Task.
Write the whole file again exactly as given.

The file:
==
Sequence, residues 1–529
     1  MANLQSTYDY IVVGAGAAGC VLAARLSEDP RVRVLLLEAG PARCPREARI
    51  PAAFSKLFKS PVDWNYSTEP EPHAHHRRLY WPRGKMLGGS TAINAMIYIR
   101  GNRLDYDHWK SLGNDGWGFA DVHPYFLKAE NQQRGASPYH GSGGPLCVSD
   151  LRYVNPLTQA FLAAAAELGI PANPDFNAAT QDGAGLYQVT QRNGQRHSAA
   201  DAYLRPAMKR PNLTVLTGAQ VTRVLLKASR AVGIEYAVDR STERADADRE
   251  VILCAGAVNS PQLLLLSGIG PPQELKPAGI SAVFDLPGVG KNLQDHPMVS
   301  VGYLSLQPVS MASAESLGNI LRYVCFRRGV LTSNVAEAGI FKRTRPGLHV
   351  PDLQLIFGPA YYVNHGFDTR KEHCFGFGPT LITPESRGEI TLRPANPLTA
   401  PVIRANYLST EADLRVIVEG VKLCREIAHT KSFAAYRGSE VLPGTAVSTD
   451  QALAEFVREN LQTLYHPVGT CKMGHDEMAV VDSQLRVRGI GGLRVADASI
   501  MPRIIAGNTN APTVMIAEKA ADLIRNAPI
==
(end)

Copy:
Sequence, residues 1–529
     1  MANLQSTYDY IVVGAGAAGC VLAARLSEDP RVRVLLLEAG PARCPREARI
    51  PAAFSKLFKS PVDWNYSTEP EPHAHHRRLY WPRGKMLGGS TAINAMIYIR
   101  GNRLDYDHWK SLGNDGWGFA DVHPYFLKAE NQQRGASPYH GSGGPLCVSD
   151  LRYVNPLTQA FLAAAAELGI PANPDFNAAT QDGAGLYQVT QRNGQRHSAA
   201  DAYLRPAMKR PNLTVLTGAQ VTRVLLKASR AVGIEYAVDR STERADADRE
   251  VILCAGAVNS PQLLLLSGIG PPQELKPAGI SAVFDLPGVG KNLQDHPMVS
   301  VGYLSLQPVS MASAESLGNI LRYVCFRRGV LTSNVAEAGI FKRTRPGLHV
   351  PDLQLIFGPA YYVNHGFDTR KEHCFGFGPT LITPESRGEI TLRPANPLTA
   401  PVIRANYLST EADLRVIVEG VKLCREIAHT KSFAAYRGSE VLPGTAVSTD
   451  QALAEFVREN LQTLYHPVGT CKMGHDEMAV VDSQLRVRGI GGLRVADASI
   501  MPRIIAGNTN APTVMIAEKA ADLIRNAPI